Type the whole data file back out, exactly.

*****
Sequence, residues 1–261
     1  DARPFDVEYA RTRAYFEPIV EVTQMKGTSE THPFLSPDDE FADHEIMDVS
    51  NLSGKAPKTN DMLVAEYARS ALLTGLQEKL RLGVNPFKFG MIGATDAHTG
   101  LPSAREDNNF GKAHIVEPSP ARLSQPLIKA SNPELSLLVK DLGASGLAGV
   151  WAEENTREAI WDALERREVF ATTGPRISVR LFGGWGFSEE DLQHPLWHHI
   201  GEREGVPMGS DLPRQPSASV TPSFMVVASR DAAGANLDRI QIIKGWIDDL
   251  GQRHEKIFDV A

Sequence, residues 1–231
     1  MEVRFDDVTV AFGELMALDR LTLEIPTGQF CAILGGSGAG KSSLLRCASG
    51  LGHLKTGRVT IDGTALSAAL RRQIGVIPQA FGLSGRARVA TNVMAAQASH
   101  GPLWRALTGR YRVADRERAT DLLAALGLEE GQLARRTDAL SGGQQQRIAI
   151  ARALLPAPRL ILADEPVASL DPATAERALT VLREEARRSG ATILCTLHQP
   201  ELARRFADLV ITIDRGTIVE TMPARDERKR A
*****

Sequence, residues 1–261
     1  DARPFDVEYA RTRAYFEPIV EVTQMKGTSE THPFLSPDDE FADHEIMDVS
    51  NLSGKAPKTN DMLVAEYARS ALLTGLQEKL RLGVNPFKFG MIGATDAHTG
   101  LPSAREDNNF GKAHIVEPSP ARLSQPLIKA SNPELSLLVK DLGASGLAGV
   151  WAEENTREAI WDALERREVF ATTGPRISVR LFGGWGFSEE DLQHPLWHHI
   201  GEREGVPMGS DLPRQPSASV TPSFMVVASR DAAGANLDRI QIIKGWIDDL
   251  GQRHEKIFDV A

Sequence, residues 1–231
     1  MEVRFDDVTV AFGELMALDR LTLEIPTGQF CAILGGSGAG KSSLLRCASG
    51  LGHLKTGRVT IDGTALSAAL RRQIGVIPQA FGLSGRARVA TNVMAAQASH
   101  GPLWRALTGR YRVADRERAT DLLAALGLEE GQLARRTDAL SGGQQQRIAI
   151  ARALLPAPRL ILADEPVASL DPATAERALT VLREEARRSG ATILCTLHQP
   201  ELARRFADLV ITIDRGTIVE TMPARDERKR A